The weirdly-timed backlash against the forthcoming increased flexibility in pub opening times continues.

“Tory leader Michael Howard said the legislation should be shelved until binge drinking has been brought under control.”

As far as I am aware, binge drinking has never been under control in British history. It’s a largely unpleasant part of the culture here and to think that it’s controllable through the pub opening hours is delusion. The various quotes in the Guardian piece seem to be saying “relaxing licensing laws won’t make any difference to binge drinking”. Agreed: so why bother restricting freedom of choice unnecessarily?

Maybe there are ways to deal at a cultural level with binge drinking: I’m not sure what they might be*. I’m sure that our legislature deciding for me whether I may remain in an alehouse after 11.20 on any given evening isn’t it. I don’t see how it’s any of their business, and it’s an ongoing irritation that they think it is.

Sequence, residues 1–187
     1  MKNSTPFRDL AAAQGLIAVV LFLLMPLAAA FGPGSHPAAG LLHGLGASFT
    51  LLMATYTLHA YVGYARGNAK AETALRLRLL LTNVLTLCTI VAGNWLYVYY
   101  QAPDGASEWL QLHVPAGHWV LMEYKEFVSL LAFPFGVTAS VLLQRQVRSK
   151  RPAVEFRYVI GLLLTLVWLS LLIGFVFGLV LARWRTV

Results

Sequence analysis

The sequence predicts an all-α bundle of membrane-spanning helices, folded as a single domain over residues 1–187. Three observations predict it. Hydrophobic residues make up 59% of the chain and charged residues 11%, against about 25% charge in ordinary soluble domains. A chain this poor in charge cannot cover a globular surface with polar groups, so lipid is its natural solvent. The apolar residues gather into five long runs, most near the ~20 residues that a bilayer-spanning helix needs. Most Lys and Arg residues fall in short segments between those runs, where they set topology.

The Government agreeing to a review of the effects of the changes after a bit seems sensible, especially if it shuts the irksome puritans up. But why aren’t these analyses talking about Scotland, where more sensible licensing hours appear to make a sum total of no difference whatsoever to levels of drunkenness or alcohol-fuelled crime?

* Perhaps seeing pictures of other drunks would do the job. I’ve been out in Rugby and there seemed to be plenty of drunks to look at without having their pictures projected onto the buildings.